As a single person, you may have close friends of all stripes, and both sexes. You spend all day at work together, go out for a drink in the evening, meet for a cup of coffee on weekends, attend classes and seminars together. And ironically, after you get married you’ll still find yourself spending more time with your friends and coworkers than with your spouse!
In addition to that, technology and social media make it easy to maintain friendships even with people you don’t see that often. Emails, blogs, text, chats, Facebook… they all make it simple to stay connected and foster intimacy.
Whether or not your opposite-sex friendships are truly platonic, the dynamics of all friendships shift a bit once you are married. Suddenly there is one person and one relationship which must be the priority in your life. The question of how appropriate it is to have and spend time with opposite sex friends suddenly becomes a question that you may never have asked yourself before. It is not only a question of how comfortable you feel maintaining opposite-sex friendships, it’s a question of how your spouse feels about these relationships.
Some couples will say that they trust their spouse and respect their right to keep their opposite-sex friends. Others say that despite trusting their spouse not to act inappropriately, the are uncomfortable having them spend private time together. In these cases it may be best to include your spouses in sharing group quality time.
In her article Can Married People Have Opposite Sex Friends? Diane Gottsman explores this conflict and offers six tips to help protect your marriage when dealing with friends of the opposite sex. Here is her advice:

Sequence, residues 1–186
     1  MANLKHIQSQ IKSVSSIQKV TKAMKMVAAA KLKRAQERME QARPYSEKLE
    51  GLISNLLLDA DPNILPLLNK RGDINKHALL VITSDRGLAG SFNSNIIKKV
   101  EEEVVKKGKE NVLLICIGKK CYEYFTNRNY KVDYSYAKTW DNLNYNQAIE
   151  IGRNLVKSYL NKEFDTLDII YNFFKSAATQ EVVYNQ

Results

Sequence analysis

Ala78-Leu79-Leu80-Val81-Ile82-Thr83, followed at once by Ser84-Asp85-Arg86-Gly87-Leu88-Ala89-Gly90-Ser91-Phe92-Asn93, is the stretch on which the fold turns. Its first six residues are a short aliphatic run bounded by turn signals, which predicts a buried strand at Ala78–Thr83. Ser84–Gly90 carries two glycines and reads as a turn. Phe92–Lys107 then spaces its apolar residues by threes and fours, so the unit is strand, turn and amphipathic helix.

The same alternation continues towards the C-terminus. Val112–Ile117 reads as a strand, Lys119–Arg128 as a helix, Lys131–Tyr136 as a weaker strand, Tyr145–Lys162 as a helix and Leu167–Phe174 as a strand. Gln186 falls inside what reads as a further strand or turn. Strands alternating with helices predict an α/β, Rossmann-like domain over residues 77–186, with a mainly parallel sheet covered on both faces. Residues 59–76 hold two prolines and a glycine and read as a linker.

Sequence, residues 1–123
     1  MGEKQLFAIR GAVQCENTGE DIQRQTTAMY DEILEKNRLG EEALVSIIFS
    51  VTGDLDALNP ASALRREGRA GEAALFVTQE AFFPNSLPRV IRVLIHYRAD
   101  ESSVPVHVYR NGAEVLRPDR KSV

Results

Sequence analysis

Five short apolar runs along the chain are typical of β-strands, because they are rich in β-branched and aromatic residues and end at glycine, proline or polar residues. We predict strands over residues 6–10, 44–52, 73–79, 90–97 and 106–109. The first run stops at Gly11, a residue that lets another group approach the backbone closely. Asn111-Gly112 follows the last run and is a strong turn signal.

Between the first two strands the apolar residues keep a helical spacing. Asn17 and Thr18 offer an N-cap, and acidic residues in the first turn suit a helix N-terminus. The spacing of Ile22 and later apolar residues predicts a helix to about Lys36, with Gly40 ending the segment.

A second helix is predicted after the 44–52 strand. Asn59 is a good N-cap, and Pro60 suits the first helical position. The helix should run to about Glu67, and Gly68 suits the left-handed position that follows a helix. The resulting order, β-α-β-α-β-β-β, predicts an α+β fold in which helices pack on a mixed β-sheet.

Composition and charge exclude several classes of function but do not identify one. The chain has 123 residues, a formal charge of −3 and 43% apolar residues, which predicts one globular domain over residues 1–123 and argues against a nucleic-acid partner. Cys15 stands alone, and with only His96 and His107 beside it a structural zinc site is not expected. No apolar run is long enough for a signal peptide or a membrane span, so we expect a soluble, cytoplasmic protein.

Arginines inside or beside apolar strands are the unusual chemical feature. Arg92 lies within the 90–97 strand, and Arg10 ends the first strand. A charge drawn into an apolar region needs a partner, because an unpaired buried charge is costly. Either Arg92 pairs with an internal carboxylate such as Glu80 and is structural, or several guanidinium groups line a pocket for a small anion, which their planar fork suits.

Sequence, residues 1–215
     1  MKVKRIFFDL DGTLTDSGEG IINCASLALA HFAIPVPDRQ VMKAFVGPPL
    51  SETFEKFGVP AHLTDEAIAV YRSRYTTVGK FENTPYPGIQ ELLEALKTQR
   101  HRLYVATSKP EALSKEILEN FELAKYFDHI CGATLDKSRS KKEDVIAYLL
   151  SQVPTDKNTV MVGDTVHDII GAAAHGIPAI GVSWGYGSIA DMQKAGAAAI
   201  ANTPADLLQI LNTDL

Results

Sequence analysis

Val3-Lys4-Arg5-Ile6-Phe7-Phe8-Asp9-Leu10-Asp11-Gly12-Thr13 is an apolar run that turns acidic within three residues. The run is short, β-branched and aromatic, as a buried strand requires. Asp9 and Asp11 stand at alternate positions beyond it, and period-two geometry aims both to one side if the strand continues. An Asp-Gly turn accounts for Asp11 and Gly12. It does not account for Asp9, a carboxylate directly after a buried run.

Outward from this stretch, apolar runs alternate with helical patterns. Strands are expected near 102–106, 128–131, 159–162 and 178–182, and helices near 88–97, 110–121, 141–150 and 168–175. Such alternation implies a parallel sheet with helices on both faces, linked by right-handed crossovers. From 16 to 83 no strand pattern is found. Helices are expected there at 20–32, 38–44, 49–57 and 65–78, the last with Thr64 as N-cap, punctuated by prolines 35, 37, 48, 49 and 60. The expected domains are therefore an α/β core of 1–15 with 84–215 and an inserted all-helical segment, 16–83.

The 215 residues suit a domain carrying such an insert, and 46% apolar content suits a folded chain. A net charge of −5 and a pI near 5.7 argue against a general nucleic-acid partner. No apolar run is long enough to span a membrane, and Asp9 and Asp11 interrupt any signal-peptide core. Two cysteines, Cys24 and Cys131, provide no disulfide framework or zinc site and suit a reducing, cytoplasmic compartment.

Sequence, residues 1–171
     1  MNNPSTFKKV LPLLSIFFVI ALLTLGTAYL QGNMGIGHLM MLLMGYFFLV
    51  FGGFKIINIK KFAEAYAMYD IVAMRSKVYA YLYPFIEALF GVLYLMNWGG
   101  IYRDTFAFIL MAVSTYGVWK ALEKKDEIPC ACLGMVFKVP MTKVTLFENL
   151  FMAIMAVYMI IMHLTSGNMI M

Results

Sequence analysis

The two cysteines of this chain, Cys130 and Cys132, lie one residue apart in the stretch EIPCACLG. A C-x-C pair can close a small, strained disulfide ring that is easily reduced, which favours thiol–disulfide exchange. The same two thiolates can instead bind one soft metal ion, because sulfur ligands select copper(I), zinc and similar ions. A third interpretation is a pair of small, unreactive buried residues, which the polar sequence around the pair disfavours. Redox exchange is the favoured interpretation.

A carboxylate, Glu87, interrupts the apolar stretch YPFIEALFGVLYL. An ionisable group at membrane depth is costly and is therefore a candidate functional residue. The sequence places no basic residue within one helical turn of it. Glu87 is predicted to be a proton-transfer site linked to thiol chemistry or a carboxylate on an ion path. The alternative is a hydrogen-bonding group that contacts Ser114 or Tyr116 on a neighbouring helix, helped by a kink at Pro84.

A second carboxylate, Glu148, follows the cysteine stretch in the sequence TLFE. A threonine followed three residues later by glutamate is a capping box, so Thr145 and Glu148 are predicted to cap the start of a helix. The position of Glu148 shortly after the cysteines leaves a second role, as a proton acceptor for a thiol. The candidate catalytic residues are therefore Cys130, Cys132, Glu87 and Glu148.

1. Listen to your intuition. If you feel deep down that your friend has romantic feelings for you, do not pursue the platonic friendship.
2. Keep personal space and physical touch in check. Although the relationship may be more relaxed than a business client, keep the same amount of distance and space you would with your boss’s wife. Close proximity and intimate touch is reserved for your spouse alone.
3. Don’t discuss your spouse’s flaws with your friend. Even if you consider yourself very close friends, it’s a form of betrayal to vent to your friend about your spouse’s shortcomings, especially without addressing it with your spouse first.
4. Meet in public places at appropriate times of day. Just like mom used to say, “Nothing good happens after 1:00 a.m.,” the same holds true with your friend. Time and place is a consideration when meeting with your friend of the opposite gender.
5. Include your spouse in your plans. If it’s only platonic, there should be no problem with one more person tagging along.
6. Your spouse always comes first. If your relationship with your friend is causing marital strife, your first consideration should always be your mate.
There may not be a one-size-fits-all answer to the question of whether men and women can truly be just friends. But for married people, it’s vital to keep your relationship with your spouse above all others. If your spouse thinks there is a problem, then there is indeed a problem.
More advice for happy marriages at Hitched.com